Personal crises (endless in scope) are part of the embroidery that make up the quilt called life. While you are caught up within the jaws of crisis your attention diminishes and you perceive life through dark-coloured lens that speak of only hopelessness and despair.
A personal crisis usually entails circumstances that may be outside the scope of your usual lifestyle or normal existence.
The crisis – whatever it maybe – usually hijacks your ability to appreciate the greater whole, sucking you into a paralysis of over-analysing your predicament.
It entwines you into an endless spiral that makes you over-estimate the scope of the crisis. It literally leads your into a dark hole filled with scorpions of thought that sting you without any show of mercy.
But in that moment of crisis-induced blindeness, opportunity awaits like the proverbial light at the end of a dark tunnel.
First, you have to thoroughly accept that you are in a crisis, because denial only helps the setback to dig its claws into your being, denying you the opportunity to renew and revive.
Acceptance may seem like a sign of defeat at first sight but in reality surrender – even during wartime – carries with it a sigh of relief and the chance to begin again.
During that stage, it’s necessary to appreciate the fact that there’s nothing unique about your situation in the greater scheme of things.
Almost all personal setbacks have been endured by someone, somewhere, in the history of human existence.
If, for some reason, you blame yourself for the crisis, it is necessary to forgive yourself. Self forgiveness opens new channels that will help you to deal with the situation in a more mature manner.
If you stay bitter with yourself, you only help to make the pain grow, debilitating your chances to spot the opportunity to recover.
Indeed, a personal crisis can offer you an opportunity to assess your values, allowing you to have a second chance in life. In order to capture the opportunity that resides within a personal crisis, you have to be proactive rather than reactive.
Being reactive will exagerrate the situation in your imagination, and weaken your ability to rise up again.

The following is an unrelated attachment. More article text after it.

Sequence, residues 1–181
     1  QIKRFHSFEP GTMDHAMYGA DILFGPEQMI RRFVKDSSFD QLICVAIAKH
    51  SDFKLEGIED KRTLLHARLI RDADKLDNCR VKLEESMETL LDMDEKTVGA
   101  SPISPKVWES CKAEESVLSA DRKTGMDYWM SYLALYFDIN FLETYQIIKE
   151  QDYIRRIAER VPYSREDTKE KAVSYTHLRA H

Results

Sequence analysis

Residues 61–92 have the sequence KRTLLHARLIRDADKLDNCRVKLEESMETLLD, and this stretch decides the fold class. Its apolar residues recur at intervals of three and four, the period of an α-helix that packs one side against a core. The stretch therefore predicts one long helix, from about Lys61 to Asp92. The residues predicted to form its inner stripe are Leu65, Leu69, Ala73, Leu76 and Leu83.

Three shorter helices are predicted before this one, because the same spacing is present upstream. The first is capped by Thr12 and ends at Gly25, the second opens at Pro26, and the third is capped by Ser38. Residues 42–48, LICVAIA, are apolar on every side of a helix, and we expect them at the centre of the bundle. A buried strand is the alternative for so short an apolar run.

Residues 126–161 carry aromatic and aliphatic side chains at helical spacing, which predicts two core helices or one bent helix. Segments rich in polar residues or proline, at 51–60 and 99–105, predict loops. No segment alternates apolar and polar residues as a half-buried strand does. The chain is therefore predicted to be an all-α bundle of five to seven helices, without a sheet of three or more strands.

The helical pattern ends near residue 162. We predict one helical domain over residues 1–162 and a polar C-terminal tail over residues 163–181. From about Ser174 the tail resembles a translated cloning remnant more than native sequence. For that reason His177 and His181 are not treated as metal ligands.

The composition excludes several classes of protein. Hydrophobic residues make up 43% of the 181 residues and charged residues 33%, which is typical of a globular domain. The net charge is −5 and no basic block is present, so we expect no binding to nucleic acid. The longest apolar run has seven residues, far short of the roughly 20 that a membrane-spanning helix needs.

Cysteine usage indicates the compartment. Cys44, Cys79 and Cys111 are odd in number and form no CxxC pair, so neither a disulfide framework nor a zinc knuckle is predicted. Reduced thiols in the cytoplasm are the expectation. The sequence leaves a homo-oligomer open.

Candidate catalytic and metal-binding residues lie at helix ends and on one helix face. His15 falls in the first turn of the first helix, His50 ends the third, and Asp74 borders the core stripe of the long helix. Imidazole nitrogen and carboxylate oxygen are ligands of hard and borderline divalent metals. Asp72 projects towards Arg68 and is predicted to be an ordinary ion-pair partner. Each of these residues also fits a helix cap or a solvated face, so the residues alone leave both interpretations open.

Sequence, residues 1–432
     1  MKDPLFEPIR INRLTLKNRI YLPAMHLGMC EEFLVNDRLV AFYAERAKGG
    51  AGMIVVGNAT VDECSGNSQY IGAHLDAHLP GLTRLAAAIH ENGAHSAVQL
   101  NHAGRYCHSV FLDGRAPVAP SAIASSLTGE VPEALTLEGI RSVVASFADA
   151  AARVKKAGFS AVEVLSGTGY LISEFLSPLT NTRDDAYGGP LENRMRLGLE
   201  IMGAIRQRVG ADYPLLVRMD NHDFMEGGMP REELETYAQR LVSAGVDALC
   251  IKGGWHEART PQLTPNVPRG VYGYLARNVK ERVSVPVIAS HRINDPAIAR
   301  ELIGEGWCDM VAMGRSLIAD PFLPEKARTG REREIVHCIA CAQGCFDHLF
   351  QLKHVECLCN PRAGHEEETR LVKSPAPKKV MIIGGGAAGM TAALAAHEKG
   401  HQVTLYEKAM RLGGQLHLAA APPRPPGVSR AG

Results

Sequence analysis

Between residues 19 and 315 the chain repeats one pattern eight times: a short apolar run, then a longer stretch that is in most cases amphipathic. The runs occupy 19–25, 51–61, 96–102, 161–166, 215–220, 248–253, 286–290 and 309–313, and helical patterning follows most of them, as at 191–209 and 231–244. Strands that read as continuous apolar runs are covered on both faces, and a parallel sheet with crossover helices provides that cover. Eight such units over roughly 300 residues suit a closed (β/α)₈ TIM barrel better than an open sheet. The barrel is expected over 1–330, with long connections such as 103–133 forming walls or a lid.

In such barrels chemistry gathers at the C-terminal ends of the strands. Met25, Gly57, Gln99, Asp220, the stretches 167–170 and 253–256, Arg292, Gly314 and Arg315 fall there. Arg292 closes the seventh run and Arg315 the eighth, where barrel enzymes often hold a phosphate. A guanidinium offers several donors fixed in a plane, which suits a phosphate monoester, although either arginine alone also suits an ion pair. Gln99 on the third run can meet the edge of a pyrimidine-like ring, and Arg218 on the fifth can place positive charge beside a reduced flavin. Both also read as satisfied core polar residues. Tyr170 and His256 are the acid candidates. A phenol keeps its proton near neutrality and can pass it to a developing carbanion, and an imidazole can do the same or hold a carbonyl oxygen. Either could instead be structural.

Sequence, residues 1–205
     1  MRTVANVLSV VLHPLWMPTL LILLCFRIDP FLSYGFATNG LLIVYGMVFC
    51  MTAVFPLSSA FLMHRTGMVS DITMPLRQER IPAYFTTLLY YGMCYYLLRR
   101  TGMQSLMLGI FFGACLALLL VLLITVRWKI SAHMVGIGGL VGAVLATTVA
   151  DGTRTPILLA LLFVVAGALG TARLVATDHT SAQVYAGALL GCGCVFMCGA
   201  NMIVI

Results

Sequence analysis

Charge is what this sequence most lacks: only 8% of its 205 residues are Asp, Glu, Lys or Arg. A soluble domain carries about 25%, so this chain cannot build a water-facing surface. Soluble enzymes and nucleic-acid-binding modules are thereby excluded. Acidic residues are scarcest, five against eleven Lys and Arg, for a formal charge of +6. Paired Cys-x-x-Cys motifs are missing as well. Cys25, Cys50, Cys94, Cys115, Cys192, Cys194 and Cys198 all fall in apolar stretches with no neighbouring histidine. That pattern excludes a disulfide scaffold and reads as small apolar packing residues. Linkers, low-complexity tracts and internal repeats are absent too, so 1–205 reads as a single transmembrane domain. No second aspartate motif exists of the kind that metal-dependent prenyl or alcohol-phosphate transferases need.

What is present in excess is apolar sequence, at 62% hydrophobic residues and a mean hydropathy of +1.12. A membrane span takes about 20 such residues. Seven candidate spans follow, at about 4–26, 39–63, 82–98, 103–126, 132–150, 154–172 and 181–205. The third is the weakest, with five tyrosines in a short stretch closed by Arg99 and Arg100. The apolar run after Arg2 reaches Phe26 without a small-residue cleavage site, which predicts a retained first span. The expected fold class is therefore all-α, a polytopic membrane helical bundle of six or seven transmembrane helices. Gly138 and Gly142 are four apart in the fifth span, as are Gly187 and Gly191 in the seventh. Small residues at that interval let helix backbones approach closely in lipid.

The fact that you are alive, in itself, must be the greatest signal that there is still hope, and by being proactive, you will be able to find that special light and spark again. In effect, a personal crisis can help to give you a clear perspective about who you are.
For example, it can reveal your tenacity to survive against the odds. Thinking of a crisis in this manner can make you grow spiritually and mentally, and in the process, make you strong enough to be able to confront future setbacks. You also have to understand the power of time.
While you are in the midst of a crisis, time may seem stalled. But, thats a mere gimmick . It’s an illusion that the crisis creates in your being. The fact is time will move on.
And as the world has known since time immemorial, the passage of time is perhaps the greatest healer of any wound, physical and otherwise.
So accept that time will change, and in its stride, you will be able to find the beauty of life, once again. In addition, while in the grips of a crisis, you have to look deep down to one of the most fundamental of human qualities – choice.
No matter what will have happened, the choice remains in your hands to either crumble or recover in the face of the crisis.
Being humble can also be a power tool in your hands. Humility will help you to listen to the advice of people around you, if there are any.
It’s important to stress that humility in no way means submission to the crisis. Rather, being humble in a crisis will help you to commit to the most menial of tasks that can prove the key cornerstones of your recovery.
It allows you to learn new ways that will make you whole again. Humility is also a way towards inner peace, a way of quietening the demons that will be replete in the personal crisis.
Talking of demons, when you are blinded by a personal crisis, it can help to look outside yourself to a Higher Power.
The world is full of examples of people that looked to a Higher Power during times of crisis and came out better than before. Looking to a power outside yourself will not cost you anything but it can help you to better understand yourself, opening new insights into becoming a better you.
Whether you believe it or not, personal crisis can transform you into a better and stronger person that will have a greater appreciation of life, including people undergoing excruciating experiences in their own lives.
As psychiatrist Elizabeth Kubler-Ross succinctly puts it:
“The most beautiful people we have known are those who have known defeat, known suffering, known struggle, known loss, and have found their way out of the depths. These people have an appreciation, a sensitivity, and an understanding of life that fills them with compassion, gentleness, and a deep, loving concern. Beautiful people do not just happen.”